As of right now, the team has two M200 printers with 3750 hours (or 156 days) of printing and counting, as well as its big sister, the M300 with 4950 hours of printing, which correlates to roughly 206 days of non stop printing. The greatest advantage of having Zortrax printers on site is their reliability, especially while their working such long hours. The printers are why the team can shift their focus to electronics because they know they can trust the Zortrax Ecosystem to do its job without a glitch. All they need is to set it up and it’s ready to go. The quality of the prints is of value as well of RedOhm. “We have used other types of printers that did not satisfy us. Neither their apparent reliability nor the printing results.”

ZORTRAX 3D Printed Robot Full BodyTo manufacture the robot, the team has used a variety of materials, including Z-HIPS in order to make electronic card support, Z-ULTRAT for mechanical parts like connecting rods, cast or support and Z-GLASS for necessary transparent surfaces. The final product integrates a camera that allows a visual interaction consisting of face and movement recognition. The robot follows the person with whom he communicates and gives the impression of a certain intelligence. It is also capable of speech recognition but so far only of a single speaker at a time. It can, however, communicate with five different people alternately by reacting to trigger words. All in all, it might not be ready to take over the world and become our supreme leader but it is getting close to where Hervé and his team imagined their work to be at their conception.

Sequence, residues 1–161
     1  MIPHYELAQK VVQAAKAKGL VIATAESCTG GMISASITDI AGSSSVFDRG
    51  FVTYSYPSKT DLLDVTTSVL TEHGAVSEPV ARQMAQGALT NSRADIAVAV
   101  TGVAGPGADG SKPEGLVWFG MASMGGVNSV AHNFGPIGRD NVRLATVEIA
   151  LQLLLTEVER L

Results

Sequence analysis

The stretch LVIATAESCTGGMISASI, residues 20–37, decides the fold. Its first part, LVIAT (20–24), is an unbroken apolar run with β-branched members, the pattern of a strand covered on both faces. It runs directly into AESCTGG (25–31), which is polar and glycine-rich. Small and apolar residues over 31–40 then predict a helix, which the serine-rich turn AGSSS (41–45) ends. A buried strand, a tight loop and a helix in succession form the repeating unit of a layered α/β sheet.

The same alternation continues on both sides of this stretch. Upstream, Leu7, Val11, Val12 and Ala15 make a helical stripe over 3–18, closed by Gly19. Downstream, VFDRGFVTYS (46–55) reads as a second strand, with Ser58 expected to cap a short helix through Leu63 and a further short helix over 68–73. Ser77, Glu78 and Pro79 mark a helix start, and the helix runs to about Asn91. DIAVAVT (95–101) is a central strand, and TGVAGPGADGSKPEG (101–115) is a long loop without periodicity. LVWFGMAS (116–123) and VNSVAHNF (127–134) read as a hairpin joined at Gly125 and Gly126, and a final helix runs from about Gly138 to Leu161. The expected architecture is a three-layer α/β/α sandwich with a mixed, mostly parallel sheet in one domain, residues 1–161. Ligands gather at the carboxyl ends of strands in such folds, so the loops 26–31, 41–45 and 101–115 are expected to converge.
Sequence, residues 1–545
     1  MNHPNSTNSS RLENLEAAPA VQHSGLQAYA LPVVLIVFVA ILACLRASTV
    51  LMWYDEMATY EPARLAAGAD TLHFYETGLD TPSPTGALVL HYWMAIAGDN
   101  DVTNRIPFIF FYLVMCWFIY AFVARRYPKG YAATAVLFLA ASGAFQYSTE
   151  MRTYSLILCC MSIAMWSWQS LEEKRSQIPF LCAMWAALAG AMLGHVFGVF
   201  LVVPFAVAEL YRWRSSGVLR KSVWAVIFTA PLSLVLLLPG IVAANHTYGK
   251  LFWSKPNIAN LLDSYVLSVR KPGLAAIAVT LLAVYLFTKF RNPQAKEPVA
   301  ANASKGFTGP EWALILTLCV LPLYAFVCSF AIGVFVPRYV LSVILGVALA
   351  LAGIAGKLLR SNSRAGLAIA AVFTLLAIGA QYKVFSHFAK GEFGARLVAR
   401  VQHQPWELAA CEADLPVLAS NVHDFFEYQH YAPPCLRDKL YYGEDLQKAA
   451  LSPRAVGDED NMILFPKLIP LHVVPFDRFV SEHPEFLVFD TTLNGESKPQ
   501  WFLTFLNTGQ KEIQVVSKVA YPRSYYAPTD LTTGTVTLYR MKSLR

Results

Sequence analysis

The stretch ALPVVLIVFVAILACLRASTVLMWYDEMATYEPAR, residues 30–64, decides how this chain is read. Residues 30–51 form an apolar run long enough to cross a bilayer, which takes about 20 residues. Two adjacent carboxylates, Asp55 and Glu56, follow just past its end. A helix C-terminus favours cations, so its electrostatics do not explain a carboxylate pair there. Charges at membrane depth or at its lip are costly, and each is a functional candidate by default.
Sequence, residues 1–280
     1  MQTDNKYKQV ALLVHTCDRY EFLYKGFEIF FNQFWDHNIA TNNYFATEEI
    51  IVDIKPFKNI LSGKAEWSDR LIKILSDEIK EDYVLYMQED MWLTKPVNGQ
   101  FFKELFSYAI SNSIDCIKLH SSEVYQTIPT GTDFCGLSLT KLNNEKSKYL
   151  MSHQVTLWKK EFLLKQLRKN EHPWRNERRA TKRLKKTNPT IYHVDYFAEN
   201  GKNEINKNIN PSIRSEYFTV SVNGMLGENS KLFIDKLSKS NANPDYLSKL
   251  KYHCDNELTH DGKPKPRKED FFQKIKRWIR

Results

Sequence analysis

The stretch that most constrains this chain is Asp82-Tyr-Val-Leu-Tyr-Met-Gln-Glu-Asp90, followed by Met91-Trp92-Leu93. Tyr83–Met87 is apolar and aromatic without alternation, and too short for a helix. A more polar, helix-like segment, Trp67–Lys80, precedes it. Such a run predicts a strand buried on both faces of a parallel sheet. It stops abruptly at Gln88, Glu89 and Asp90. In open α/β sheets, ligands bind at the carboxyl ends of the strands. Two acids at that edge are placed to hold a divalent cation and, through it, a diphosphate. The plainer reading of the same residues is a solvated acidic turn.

Future Progress

Where is their imagination taking them next? “We would like the Maya project to make us more prominent and give us some exposure because of the quality of our work. The goal today is to seek sponsors to be able to evolve more quickly. If we find them, we would be able to change the structure of our team into an association or possibly even a company. But in order to continue to progress we will need financial help. However, it’s not the software development or 3D printing that costs us a lot – they make our work much easier and more cost-effective.”

In any case, we’re sure that the RedOhm team will find much success in their future ventures into robotics. The team is nothing but persistent, passionate and dedicated and these are the three qualities that characterize great organizations and inspire great hope in their members.